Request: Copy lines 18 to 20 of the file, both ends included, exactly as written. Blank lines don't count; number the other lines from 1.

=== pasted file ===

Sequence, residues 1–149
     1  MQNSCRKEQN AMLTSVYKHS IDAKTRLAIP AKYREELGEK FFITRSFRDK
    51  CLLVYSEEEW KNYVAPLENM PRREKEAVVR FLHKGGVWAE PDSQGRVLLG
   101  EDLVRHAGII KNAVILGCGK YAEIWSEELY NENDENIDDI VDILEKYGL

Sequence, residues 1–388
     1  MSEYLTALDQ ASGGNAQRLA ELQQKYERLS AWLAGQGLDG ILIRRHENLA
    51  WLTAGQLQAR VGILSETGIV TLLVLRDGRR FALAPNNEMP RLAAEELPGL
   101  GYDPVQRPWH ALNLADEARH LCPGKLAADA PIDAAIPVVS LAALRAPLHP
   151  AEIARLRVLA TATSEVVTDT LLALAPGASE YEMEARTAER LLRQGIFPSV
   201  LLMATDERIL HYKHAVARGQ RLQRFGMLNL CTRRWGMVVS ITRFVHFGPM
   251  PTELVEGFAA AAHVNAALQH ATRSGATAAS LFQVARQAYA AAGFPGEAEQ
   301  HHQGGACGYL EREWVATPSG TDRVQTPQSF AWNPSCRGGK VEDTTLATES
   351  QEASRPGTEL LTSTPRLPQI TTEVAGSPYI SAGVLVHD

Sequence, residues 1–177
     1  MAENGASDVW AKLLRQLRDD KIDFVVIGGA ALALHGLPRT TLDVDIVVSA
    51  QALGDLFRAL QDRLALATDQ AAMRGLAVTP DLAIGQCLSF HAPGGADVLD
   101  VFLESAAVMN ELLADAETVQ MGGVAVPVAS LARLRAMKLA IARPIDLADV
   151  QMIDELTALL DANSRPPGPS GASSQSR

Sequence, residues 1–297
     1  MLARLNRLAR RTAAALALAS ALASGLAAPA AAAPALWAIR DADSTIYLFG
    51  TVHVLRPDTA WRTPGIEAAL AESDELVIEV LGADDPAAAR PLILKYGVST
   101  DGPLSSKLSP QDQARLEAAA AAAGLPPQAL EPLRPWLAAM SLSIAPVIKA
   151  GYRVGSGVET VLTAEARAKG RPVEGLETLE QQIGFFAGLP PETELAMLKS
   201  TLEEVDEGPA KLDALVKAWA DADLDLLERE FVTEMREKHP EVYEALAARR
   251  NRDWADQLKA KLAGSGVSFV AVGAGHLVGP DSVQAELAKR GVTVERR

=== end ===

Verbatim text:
   151  QMIDELTALL DANSRPPGPS GASSQSR

Sequence, residues 1–297
     1  MLARLNRLAR RTAAALALAS ALASGLAAPA AAAPALWAIR DADSTIYLFG